That’s funny; I don’t remember ticking that box

parkingYesterday, the UK’s Daily Telegraph reported that the DVLA, that’s the UK’s Driving Vehicle and Licensing Agency were reported to have been selling drivers personal details that were given for the purposes of licencing, taxation, police and court enforcement to private parking and car clamping firms that have long been known to be abusive, here is a list of some of the worst abuses the AA came across last year.
  • Clampers threaten to take three-year-old girl hostage unless mother pays the clamp ransom;
  • A hearse clamped with a body in the back on the way to a funeral;
  • Clampers demand gold tooth from lady in lieu of payment;
  • Clampers demand sexual favours in lieu of cash;
  • Good Samaritan clamped after stopping to help hit-and-run victim;
  • Female teenager left stranded overnight in Birmingham after clamper demands £300 for overstaying ticket by 10 minutes after concert;
  • Pensioners charged £390 when paying 15p fine on library book;
  • Marked police car clamped, with the clamper ending up with an Anti-Social Behaviour Order;
  • Queen’s official protection guard clamped while on duty;
  • AA patrol charged extortionate and record £1,180 while fixing lady’s car.

This still concerns me, as although I live in Canada, I do still have a UK driving licence

This has been going on for at least ten years, last year alone the DVLA were paid £10m ($15m) selling confidential details to these companies. There is actually legislation in place which says you do not even have to even pay their fines, of course when they hold you hostage you don’t really have a choice. While I am not even resident in the UK, the DVLA will still have my information as I still have my European driving license which was registered through them.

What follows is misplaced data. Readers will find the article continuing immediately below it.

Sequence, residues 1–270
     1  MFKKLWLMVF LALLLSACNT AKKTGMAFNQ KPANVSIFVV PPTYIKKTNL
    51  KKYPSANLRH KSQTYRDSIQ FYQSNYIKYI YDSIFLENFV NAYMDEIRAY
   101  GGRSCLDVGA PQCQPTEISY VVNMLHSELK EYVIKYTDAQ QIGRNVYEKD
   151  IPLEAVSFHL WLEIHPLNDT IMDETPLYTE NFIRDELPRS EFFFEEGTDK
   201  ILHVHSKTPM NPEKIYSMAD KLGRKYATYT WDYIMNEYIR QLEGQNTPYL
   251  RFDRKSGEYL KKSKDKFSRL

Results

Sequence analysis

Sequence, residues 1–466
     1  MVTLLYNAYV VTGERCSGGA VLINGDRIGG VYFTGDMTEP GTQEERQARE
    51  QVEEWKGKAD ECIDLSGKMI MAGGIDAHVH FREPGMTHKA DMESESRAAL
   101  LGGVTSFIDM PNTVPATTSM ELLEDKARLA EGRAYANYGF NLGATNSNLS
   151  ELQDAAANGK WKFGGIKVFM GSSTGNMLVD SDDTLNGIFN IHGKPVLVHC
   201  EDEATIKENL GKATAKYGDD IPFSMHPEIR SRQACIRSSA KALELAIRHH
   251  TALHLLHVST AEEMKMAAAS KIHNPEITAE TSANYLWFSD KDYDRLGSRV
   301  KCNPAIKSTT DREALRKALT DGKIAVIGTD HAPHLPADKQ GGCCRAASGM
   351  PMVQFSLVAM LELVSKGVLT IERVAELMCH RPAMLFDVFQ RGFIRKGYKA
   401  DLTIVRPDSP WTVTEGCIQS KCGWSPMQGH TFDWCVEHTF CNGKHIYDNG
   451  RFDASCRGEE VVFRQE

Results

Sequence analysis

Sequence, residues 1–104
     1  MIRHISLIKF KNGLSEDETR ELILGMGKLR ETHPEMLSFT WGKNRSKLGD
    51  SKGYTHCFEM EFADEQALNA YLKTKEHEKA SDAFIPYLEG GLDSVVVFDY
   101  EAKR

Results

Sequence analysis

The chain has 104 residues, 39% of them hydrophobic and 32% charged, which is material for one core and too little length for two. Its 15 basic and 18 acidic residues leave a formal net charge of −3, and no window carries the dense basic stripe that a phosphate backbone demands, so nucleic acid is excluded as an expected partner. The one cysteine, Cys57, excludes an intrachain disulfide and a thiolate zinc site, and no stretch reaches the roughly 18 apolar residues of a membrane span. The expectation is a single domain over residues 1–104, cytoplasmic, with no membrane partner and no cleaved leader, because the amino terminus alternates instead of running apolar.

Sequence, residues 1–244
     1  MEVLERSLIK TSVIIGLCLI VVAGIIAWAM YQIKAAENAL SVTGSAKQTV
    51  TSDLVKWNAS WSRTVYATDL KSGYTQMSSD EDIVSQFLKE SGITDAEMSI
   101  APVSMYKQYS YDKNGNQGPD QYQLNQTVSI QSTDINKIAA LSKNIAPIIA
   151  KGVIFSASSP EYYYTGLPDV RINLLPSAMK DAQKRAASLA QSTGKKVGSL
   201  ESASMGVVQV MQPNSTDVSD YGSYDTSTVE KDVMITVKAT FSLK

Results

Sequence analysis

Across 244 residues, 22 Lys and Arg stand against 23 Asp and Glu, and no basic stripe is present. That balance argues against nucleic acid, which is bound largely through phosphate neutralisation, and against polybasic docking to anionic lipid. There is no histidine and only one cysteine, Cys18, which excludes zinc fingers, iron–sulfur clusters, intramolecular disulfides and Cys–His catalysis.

This selling of information is in itself a breach of the DPA the exact wording being;

“Regulations allow for the release of information from DVLA’s vehicle register to the police, to local authorities for the investigation of an offence or on-road parking contravention, and to anybody who demonstrates reasonable cause to have the information. Regulations also allow for a fee to be charged to cover the cost of processing requests, but not for a profit to be made.

As a general rule, reasonable cause for the release of data from the DVLA vehicle register relates to motoring incidents with driver or keeper liability. These can include matters of road safety, events occurring as a consequence of vehicle use, the enforcement of road traffic or other legislation and the collection of taxes.”

It looks like they are stretching the understanding of “and to anybody who demonstrates reasonable cause to have the information” after seemingly excluding off-road parking by implicitly stating “on-road parking”.

The correct action if the DVLA considered this a breach would be to inform the victim that their information had been disclosed, this of course has not been discussed. In fact the DVLA is continuing to sell this private data regardless.

One of the biggest problems we have with data security is making relevant data available to authorised users; there are plenty of valid reasons for the DVLA to hold and to share our information. This action will not endear regular people to the same industries that are trying to improve all of our lives for the better.

Could this happen in Canada, the selling of our private information by government agencies to disreputable companies? Well it shouldn’t, while local clamping companies have proved to be just as aggressive, relevant Provincial privacy law is a little different from the UK’s in that it doesn’t allow the passing of personal data from public to private bodies.

This is not clear though, I would suggest that a change is made to the New Brunswick’s Driver’s Licences application webpage, which doesn’t specifically mention Privacy except on the sites generic Privacy link, which in turn links to the entire Right to Information and Protection of Privacy Act, which really is beyond the comprehension of the majority of drivers. Disclosure of the protection your privacy is given not only increases comfort level but will make everyone’s lives a little easier, especially in light that some provinces are rolling out combined Healthcare/Drivers Licences? This should be welcomed.

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